There were a few musical references in Ready Player One that got me nostalgia tripping on the Good Old Days when MTV actually played music videos. But even back then, MTV was 95% crap. If you were lucky and could stomach endless hours of Bryan Adams, Lionel Richie, Def Leppard, and the omnipresent Michael Jackson, you just might be rewarded with a video by Devo, The Cure, or Oingo Boingo. But that meant enduring tons of insufferable garbage to find a scrap. In fact, you were more likely to see the video for “Girls Just Wanna Have Fun” twice before catching a glimpse of Robert Smith’s magical mane.
Then in 1986, something curious happened. For two hours once a week, MTV didn’t play total dreck. You had to stay up late on Sunday nights to catch it, and for those of us who did, it became something of a religion. The righteous followers were rewarded with merciful heavenly glowing pixels emanating from the teevee screen like beacon in a vast landscape of soul-crushing Top 40 banality. The hymnal featured the gospel of The Damned, The Stranglers, Robyn Hitchcock, The Jazz Butcher, Siouxsie and the Banshees, The Cocteau Twins, and so many more. It was enough to make even the most jaded Echo and the Bunnymen fan believe that MTV was not so bad after all. It was called 120 Minutes. Two blessed hours a week wasn’t much, but we took it gladly.
But it wasn’t all alternative awesomeness. There were some genuine turds floating in the pool. Like Stump.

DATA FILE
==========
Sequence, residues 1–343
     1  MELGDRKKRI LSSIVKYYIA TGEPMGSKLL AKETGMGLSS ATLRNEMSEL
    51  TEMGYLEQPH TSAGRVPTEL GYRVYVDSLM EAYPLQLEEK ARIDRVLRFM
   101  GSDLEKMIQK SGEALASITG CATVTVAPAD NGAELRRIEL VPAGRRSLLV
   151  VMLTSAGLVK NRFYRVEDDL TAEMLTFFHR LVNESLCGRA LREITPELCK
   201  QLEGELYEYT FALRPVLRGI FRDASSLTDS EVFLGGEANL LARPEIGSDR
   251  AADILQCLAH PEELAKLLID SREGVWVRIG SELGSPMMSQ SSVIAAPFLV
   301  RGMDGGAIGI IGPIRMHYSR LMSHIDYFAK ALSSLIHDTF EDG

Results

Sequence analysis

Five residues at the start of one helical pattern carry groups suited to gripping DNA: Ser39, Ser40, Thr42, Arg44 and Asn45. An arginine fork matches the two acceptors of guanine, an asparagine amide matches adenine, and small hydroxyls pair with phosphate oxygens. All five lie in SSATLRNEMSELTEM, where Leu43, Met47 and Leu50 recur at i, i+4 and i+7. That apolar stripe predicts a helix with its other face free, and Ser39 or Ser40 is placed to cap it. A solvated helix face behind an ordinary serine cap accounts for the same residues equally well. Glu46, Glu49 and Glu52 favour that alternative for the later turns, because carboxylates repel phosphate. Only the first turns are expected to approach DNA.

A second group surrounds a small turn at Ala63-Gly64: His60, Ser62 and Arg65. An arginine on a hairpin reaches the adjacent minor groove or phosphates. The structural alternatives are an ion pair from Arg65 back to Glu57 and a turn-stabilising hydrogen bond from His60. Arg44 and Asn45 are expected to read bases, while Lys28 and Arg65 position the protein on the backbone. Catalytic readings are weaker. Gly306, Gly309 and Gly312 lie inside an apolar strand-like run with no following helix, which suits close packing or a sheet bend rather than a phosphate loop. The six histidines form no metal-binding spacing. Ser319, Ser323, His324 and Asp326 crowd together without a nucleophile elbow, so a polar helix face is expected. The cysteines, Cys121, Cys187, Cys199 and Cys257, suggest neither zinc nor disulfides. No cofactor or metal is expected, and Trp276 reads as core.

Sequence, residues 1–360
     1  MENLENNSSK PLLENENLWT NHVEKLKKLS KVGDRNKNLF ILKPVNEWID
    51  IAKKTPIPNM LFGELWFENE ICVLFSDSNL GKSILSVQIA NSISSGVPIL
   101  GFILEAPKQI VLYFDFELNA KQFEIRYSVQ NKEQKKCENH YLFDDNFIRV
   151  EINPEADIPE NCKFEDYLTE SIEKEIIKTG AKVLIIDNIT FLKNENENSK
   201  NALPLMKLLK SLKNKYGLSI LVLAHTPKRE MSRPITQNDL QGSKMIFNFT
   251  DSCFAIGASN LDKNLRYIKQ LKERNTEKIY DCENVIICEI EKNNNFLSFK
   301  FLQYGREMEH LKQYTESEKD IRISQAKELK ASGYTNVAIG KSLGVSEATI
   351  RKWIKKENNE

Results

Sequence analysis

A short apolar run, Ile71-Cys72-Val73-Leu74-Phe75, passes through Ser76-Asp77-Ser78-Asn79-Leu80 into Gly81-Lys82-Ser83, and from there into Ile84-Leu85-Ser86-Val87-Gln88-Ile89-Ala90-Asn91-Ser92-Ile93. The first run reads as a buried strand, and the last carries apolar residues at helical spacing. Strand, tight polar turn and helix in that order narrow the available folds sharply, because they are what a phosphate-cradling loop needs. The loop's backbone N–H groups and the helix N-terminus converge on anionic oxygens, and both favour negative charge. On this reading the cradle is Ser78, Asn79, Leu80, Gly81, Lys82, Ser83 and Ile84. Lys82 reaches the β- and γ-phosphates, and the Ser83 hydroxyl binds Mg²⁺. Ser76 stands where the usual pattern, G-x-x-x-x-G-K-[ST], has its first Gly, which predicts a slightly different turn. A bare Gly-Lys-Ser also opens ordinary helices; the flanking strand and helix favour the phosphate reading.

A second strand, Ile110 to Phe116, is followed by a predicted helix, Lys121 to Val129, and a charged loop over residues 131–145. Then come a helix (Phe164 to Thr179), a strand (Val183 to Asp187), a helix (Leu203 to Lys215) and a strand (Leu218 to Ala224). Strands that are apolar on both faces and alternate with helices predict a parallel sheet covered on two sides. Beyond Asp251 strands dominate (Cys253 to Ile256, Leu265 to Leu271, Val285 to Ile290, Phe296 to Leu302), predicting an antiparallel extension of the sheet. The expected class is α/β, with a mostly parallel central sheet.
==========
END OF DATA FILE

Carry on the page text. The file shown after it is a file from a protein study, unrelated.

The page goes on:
I was never sure what to make of Stump, but it got played enough times that it became a joke to me and a couple of my high school friends who would greet each other with a hearty “How much is tha fish?!” I seem to remember an episode where Stump agreed to an interview only if they could be recorded in “Stumpophonics” which was basically the band talking into plastic cups attached to string like the children’s “telephone” game. I remember it being amusing and nearly unintelligible.
“I Wanna Be A Flintstone” by the Screaming Blue Messiahs was one of the videos that actually made me feel embarrassed to be watching 120 Minutes. But it couldn’t hold a candle to Gary Young.
It was amazing to me that this somehow managed to sneak past the bigwigs at MTV and be aired multiple times. It was also the butt of many jokes between me and my friends and was even lampooned on Beavis and Butthead years later. At the time, I thought it was probably the stupidest video on 120 Minutes. Never in my wildest teenage imagination could I have predicted the idiot responsible for this musical atrocity would go on to be the drummer in Pavement and make one of the best records of the early ’90s, Slanted and Enchanted.
Even the bad stuff on 120 Minutes was better than what was on MTV the rest of the time. So those of us who dared to be different grinned and made fun of Plant Man and swinging big bottoms and wanting to be Flintstones. Believe it or not, 120 Minutes has been rebooted nearly a decade after it was rechristened “Subterranean.” There’s a good archive of all the videos played from most of the shows back in the day here. Click on any of the ’80s links for a trip in the wayback machine.